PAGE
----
I’ve only experienced a writer’s workshop once in my life, as part of the SFF Online Writing Workshop Synopsis Focus Group, which was focused on something most writers don’t think about until they’ve finished a book that can actually be submitted to places. Which I had only finished crappy drafts of back then; still, it didn’t stop me from going to the class, so it ended up becoming a “brainstorm an entire book plot in private” exercise. Still useful, but I’d kind of broken the rules. (Here’s what I learned regardless, if you’re curious.)
Cat Rambo’s F&SF workshop is thus the first time I’ve taken a workshop directly relevant to my current stage in my writing career. I’m currently in the throes of a story that became a novelette, then a novella, but not because I knew what I was doing—the scope was out of my range of writing, which thinks in tiny, 1000-word chunks. I couldn’t, I learned painfully, build a story out of that.
And it was definitely the first workshop where I saw everybody, and they could see me. We used a Google+ hangout. That was a bit mind-blowing all by itself to me, but we could interact in real time—something not possible in the OWW synopsis focus group, which communicated via mailing list.
We introduced ourselves: what we liked to read, what we liked to write, two things we hoped to get out of the class. Everyone’s answer was a little different, though plot and structure was commonly mentioned.
Then we talked about stories from a starting point: character-driven versus plot-driven stories, external and internal arcs, and setting up a story from the very first paragraph. Aiiiiii.
We also talked about writing in general: getting motivated enough to write. In Cat’s opinion, there is no such thing as writer’s block, and she suggested a couple ways to defeat it. A daily word quota is one way, as is planning out beforehand what you’re going to write about. Another was timed writing exercises: write for 15 minutes given a prompt, not deleting and not editing (a perfect use for Write or Die).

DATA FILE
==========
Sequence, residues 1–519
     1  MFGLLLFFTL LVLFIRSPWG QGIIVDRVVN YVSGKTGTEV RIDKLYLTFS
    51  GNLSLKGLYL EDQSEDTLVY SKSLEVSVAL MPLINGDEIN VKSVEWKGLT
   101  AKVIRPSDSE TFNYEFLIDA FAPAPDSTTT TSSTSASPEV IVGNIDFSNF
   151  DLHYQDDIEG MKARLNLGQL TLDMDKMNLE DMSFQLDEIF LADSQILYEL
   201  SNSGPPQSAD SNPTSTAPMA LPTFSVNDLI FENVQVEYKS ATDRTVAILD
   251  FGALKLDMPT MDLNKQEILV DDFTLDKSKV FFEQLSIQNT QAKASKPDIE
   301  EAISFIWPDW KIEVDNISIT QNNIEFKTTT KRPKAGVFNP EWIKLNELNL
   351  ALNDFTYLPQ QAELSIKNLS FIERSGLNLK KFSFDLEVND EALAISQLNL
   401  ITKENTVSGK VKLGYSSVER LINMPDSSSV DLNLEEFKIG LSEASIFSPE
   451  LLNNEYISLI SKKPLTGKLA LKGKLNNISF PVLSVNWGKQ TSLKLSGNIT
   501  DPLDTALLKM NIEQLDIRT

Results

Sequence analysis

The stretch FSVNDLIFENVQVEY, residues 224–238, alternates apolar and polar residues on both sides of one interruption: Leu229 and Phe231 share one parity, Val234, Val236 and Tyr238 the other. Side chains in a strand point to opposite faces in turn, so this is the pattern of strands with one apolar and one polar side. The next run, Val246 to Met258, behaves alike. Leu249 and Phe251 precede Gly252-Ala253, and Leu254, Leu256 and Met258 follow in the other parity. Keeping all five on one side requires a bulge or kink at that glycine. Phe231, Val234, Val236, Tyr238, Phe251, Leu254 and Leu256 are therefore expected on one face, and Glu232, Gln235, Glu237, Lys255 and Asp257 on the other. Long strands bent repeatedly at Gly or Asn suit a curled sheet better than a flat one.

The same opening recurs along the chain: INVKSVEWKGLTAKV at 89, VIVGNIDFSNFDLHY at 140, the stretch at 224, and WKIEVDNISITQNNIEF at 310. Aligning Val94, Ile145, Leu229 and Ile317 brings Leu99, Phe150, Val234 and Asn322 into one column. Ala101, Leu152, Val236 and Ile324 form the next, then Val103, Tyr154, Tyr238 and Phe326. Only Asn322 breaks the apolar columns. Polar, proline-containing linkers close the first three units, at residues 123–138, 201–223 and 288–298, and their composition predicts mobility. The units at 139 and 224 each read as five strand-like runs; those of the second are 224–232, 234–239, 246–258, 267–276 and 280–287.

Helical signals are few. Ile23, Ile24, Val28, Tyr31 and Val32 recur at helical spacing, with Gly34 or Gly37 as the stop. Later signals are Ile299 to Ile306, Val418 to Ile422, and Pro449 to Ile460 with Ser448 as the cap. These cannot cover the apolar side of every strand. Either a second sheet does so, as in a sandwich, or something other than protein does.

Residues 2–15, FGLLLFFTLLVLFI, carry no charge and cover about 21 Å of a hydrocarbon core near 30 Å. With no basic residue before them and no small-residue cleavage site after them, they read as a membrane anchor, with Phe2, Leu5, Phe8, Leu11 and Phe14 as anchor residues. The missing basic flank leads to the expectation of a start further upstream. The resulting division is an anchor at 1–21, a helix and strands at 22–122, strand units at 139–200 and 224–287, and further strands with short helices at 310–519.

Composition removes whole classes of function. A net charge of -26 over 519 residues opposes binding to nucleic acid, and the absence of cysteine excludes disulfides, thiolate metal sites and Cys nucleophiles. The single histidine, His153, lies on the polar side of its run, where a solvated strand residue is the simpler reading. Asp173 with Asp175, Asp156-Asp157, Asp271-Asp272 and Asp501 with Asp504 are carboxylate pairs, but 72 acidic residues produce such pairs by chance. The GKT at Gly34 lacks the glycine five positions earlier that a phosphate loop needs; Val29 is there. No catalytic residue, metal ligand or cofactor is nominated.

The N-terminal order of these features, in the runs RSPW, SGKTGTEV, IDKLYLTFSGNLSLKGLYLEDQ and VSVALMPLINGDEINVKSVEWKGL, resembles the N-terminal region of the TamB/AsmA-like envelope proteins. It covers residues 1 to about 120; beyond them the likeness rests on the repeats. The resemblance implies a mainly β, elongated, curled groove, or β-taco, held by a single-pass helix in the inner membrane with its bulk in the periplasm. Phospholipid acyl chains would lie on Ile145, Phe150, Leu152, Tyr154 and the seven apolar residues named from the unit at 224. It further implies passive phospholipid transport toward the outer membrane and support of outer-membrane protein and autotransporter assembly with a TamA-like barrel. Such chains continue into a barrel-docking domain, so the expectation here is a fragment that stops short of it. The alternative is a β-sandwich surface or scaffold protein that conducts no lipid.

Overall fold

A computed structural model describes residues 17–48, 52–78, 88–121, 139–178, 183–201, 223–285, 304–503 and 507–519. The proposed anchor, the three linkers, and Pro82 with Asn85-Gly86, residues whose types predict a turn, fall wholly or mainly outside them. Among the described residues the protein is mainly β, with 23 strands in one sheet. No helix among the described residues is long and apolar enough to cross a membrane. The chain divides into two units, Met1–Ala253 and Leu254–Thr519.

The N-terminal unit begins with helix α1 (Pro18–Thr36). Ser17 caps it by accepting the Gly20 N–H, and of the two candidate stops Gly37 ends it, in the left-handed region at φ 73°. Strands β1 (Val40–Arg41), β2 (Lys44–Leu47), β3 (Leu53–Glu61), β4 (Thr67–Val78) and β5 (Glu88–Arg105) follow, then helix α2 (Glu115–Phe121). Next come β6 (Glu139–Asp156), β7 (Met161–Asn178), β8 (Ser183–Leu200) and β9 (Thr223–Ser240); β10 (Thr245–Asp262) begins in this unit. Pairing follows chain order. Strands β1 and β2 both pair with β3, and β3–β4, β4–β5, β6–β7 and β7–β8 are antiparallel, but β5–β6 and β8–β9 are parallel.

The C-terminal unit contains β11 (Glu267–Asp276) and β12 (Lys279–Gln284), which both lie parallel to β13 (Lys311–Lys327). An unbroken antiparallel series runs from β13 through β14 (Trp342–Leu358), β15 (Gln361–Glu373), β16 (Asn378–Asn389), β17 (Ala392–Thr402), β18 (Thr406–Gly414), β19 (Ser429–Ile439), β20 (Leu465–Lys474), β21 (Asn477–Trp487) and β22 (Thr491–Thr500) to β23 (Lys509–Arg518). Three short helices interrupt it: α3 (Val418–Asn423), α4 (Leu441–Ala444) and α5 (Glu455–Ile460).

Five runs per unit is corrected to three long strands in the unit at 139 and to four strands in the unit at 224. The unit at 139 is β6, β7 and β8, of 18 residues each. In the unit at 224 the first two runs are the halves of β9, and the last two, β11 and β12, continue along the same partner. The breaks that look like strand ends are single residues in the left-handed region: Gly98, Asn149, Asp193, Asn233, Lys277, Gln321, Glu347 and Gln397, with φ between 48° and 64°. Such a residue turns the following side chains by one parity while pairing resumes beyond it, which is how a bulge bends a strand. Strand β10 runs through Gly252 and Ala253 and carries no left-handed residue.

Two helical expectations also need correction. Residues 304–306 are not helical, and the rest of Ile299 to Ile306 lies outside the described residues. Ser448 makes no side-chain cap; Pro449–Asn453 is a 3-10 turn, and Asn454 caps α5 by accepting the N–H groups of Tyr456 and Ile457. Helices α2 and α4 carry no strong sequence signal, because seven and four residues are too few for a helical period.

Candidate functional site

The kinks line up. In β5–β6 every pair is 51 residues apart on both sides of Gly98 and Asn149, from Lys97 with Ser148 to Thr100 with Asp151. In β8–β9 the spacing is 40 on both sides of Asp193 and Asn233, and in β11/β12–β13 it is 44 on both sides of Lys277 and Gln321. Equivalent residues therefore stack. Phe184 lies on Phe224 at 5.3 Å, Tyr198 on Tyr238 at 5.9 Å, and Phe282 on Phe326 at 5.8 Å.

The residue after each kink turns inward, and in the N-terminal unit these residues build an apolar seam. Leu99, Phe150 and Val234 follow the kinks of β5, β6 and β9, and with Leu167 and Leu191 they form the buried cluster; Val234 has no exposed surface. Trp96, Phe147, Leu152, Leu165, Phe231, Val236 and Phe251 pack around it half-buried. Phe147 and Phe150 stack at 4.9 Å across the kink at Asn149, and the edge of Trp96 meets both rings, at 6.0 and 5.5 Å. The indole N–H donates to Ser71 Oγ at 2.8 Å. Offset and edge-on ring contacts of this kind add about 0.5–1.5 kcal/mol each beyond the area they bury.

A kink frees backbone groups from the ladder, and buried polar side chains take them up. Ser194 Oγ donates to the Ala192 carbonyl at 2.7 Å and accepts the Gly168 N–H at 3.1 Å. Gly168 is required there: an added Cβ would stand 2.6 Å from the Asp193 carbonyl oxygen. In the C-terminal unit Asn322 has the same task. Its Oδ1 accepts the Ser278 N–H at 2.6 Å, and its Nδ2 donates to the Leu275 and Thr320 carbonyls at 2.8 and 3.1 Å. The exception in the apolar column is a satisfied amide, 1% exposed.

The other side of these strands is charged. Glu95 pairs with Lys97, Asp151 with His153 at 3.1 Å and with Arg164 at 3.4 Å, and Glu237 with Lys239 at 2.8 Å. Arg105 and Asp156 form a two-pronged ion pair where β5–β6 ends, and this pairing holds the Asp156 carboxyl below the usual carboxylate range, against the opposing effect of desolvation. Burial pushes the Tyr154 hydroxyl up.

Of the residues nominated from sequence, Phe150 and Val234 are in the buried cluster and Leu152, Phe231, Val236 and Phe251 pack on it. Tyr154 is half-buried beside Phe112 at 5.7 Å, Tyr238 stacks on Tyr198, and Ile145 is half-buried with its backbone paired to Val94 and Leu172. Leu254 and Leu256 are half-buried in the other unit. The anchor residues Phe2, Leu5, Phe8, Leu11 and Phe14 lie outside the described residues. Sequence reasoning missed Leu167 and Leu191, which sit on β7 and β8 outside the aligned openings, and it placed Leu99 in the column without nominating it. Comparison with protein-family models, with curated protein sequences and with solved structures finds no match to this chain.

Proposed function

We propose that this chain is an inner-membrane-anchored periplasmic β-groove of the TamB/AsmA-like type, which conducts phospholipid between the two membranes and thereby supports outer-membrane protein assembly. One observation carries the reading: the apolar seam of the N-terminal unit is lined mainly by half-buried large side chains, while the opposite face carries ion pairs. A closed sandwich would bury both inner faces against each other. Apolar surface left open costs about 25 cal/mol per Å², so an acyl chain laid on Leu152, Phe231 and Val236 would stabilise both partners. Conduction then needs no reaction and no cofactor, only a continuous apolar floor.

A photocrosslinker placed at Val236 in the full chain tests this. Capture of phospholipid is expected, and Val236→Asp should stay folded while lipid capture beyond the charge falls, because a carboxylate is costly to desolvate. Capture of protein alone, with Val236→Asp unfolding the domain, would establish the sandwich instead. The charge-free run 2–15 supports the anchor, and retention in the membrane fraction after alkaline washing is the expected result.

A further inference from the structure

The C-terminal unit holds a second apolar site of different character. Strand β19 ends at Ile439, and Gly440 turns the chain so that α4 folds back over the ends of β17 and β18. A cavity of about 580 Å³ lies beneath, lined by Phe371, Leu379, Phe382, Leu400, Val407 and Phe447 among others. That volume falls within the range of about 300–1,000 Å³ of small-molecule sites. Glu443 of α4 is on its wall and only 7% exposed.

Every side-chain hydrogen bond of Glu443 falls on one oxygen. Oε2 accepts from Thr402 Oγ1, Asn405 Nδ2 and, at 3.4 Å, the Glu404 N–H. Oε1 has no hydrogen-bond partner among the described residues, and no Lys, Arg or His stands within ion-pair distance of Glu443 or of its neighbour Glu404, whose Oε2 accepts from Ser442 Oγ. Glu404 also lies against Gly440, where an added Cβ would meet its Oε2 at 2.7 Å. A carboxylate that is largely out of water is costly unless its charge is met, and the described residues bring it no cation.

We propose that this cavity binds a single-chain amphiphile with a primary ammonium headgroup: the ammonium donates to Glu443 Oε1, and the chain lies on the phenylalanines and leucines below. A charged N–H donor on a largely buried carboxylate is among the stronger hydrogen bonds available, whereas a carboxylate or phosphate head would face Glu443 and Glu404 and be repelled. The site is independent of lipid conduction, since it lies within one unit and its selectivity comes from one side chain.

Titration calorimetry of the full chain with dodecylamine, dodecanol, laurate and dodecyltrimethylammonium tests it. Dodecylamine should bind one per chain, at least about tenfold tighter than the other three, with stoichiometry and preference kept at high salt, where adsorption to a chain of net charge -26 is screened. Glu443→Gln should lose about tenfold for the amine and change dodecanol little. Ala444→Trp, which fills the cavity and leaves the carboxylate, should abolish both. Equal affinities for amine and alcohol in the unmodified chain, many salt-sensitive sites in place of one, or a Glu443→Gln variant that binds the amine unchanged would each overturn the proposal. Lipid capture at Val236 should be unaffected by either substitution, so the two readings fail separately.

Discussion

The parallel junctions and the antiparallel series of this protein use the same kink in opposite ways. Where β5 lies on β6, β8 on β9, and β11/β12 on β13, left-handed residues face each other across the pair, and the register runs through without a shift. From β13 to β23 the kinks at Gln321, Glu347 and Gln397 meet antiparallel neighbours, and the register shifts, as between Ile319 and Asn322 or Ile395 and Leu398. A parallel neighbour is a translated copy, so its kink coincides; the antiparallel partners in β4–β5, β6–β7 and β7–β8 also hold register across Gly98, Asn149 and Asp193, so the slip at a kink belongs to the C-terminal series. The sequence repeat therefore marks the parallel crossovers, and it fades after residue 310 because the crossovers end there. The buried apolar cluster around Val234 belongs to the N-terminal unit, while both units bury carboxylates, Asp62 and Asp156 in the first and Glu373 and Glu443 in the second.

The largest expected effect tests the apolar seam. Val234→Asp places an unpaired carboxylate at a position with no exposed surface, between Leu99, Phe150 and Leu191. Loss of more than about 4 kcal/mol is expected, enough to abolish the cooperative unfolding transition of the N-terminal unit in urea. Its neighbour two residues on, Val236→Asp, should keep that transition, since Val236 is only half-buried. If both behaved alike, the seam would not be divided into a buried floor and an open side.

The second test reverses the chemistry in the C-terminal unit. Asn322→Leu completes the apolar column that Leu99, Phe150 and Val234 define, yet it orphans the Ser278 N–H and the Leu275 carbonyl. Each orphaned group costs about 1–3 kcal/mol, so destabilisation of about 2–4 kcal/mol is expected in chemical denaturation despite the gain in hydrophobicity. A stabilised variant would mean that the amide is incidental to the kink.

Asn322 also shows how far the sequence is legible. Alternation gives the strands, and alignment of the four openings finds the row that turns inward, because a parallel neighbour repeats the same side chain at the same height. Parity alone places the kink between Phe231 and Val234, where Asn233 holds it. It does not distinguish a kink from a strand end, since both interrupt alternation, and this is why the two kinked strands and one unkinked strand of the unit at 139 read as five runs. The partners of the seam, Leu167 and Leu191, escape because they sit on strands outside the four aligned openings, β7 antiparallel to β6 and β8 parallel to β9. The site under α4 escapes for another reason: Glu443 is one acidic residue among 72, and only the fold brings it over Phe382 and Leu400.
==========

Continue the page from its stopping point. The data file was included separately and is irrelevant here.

She then gave us such a time writing exercise: write for 3 minutes with the prompt “When Death’s clowns came for me….” The other students pretty much wrote directly from the prompt, because their minds didn’t freeze up and go wibble. Some of them even wrote completed scenes. I did not do either of these; instead, I wrote up some Brenda Starr dialogue between multiple people (definitely more than two) about the incredulity of Death having clowns. Here’s what I wrote:
“Death has clowns.”
“Everybody dies. EveryTHING dies. Why not clowns?”
“They’re kind of… morbid, you know? I mean, Death in the flesh—the skeleton I mean—is scary enough. To send in clowns is just cruel. What do they look like? Do they have, like, shiny black noses and plain makeup and black custard pies?”
“Nevertheless, sometimes one must send in the clowns, so to speak.”
“When I become Death, I’m not going to have clowns.”
“Yeah. That’s weak.”
“When do you send in the clowns, anyways?”
The Death of Ratsborough Way drew his skeletal head up, and put his hand to his chest. “Politicians, mostly.”
“Well, that makes sense.”
“Aren’t clowns and politicians kind of overlapping categories?”
“How dare you say that about Cicero’s art!”
“Nobody asked you, Cenipheus.”
Some said it was funny, and I’m glad, because I think it kind of paled in comparison to the rest of the entries. My mind drifts, as it always does these days, to the concept of the gods.
We also talked about the Milford method of critique (which you can read about in Introduction II of the most recent Turkey City Lexicon), which we’re going to apply each week to two stories the students have written and guuuuuuuh I volunteered, but only because I had a short story ready.
Writers are supposed to be afraid, aren’t they? If that’s so, I’m doing just fine.
We went around at some point and read out our 2-3 sentences describing the story we would write for the workshop explicitly. Mine is going to be hard to accomplish, because I don’t know yet what the Terrible Woman Down There is going to do to my protagonists, but it won’t be very nice.
Now for next week, we have some reading assignments to do: find a first paragraph of a short story or even novel that we found interesting/intriguing/blew our minds; read the Turkey City Lexicon; watch a Kurt Vonnegut video about story shapes); and write the first three paragraphs of our short story. Good thing that perfection is not needed, because I’m so going to need help.